Most retirees are unlikely to experience adverse health shocks early in their retirement, but racial minorities, people with low levels of education, and people who retired on Social Security Disability Insurance are at substantial risk for shocks to physical and cognitive health, four professors report in the fall La Follette Policy Report.
"Retirement can be a precarious time for many older Americans and many experience a shock to their health that can drain their financial resources," says Geoffrey Wallace, one of the authors. "Even if retirees saved enough money to support their retirement, medical needs and care can eat up retirement funds as well as savings of other family members. Moreover, shocks to physical and cognitive health can harm psychological well-being."
The findings have ramifications for public policy given that proposals to increase the Social Security retirement age are motivated by the fact that average life expectancy — and presumably the working lives of older workers — has steadily increased. "Most retirees claim Social Security benefits when they are relatively young; only 5 percent of first-time 2008 claimants are 66 or older," Wallace says. "If the health of some of these early retirees deteriorates rapidly early in their retirement years, the presumption that retirees can work into their late 60s may be wrong."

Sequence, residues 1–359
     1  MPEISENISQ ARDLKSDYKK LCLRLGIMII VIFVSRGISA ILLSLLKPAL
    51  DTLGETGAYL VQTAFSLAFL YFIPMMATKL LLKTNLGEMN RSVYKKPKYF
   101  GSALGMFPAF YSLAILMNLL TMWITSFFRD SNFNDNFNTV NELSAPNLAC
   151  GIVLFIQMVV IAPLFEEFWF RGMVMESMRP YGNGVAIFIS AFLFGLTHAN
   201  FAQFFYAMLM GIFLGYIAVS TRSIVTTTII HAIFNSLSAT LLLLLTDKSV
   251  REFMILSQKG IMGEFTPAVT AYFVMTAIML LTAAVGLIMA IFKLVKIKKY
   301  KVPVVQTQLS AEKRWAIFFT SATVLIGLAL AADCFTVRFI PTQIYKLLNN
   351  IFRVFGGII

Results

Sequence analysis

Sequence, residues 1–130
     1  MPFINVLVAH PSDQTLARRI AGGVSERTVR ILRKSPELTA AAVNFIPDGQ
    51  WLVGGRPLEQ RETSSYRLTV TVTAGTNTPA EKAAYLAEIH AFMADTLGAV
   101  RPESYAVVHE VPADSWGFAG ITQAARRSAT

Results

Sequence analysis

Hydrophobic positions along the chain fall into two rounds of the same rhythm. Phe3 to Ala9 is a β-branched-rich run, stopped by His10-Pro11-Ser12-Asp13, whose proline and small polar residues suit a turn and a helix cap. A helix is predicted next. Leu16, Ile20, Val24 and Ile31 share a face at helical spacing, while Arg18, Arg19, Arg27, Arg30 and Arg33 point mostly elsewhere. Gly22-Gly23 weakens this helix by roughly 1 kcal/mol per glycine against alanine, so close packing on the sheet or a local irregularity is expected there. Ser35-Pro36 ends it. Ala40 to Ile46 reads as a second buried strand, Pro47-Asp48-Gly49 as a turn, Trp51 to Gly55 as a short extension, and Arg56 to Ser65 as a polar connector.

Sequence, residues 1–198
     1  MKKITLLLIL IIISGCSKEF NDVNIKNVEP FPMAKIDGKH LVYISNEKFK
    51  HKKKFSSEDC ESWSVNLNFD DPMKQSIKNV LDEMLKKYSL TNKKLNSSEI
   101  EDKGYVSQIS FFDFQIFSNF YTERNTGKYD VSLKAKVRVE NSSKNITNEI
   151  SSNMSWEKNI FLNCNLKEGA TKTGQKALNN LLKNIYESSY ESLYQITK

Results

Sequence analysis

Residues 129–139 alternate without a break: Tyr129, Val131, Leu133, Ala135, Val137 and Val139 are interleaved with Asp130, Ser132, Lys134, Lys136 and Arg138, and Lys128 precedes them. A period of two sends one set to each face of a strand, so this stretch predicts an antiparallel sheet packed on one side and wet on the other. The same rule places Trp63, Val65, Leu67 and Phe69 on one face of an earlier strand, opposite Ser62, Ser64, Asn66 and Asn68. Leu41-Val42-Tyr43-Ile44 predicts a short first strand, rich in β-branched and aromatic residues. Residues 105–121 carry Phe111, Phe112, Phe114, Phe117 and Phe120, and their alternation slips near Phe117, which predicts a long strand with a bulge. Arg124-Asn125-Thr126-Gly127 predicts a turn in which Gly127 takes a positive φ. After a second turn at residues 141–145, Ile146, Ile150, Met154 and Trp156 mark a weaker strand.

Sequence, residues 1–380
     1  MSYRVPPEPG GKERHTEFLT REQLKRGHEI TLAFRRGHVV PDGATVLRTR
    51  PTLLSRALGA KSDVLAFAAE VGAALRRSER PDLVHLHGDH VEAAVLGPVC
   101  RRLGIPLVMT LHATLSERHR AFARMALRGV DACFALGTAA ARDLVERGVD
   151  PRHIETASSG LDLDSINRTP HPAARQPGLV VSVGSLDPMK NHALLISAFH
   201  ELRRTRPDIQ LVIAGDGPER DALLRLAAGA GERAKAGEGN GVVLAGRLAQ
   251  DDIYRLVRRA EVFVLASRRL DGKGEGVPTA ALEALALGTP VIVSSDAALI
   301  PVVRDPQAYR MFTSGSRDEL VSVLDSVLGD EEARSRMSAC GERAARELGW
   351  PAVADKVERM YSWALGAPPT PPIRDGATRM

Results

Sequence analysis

Transforming Medicare into a voucher program also could be problematic, given that retirees at the greatest risk of health shocks likely would not be in a position to absorb the greater out-of-pocket medical expenses a voucher program would prescribe, Wallace notes. "Our study finds that the people who are most vulnerable to health shocks are the people most to lack inadequate resources at retirement."
- self-reported health,
- a gross motor skills index,
- an activities of daily living index,
- a score from a modified telephone interview for cognitive status,
- the results of a 10-noun recall test score, and
- self-reported memory.
Across the six measures, the two-year probability of experiencing a health shock is about 4.5 percent. In addition, the probability of a person improving from the shock is high for the same two years. However, Wallace adds, the likelihood of a health shock varies substantially across individuals with varying characteristics. "Retirees who are white and attended college had a very small likelihood of experiencing a shock," Wallace says. "On the other hand, racial minorities and those who did not attend college — especially those who retired with Social Security Disability Insurance — had a much higher likelihood of experiencing health shocks."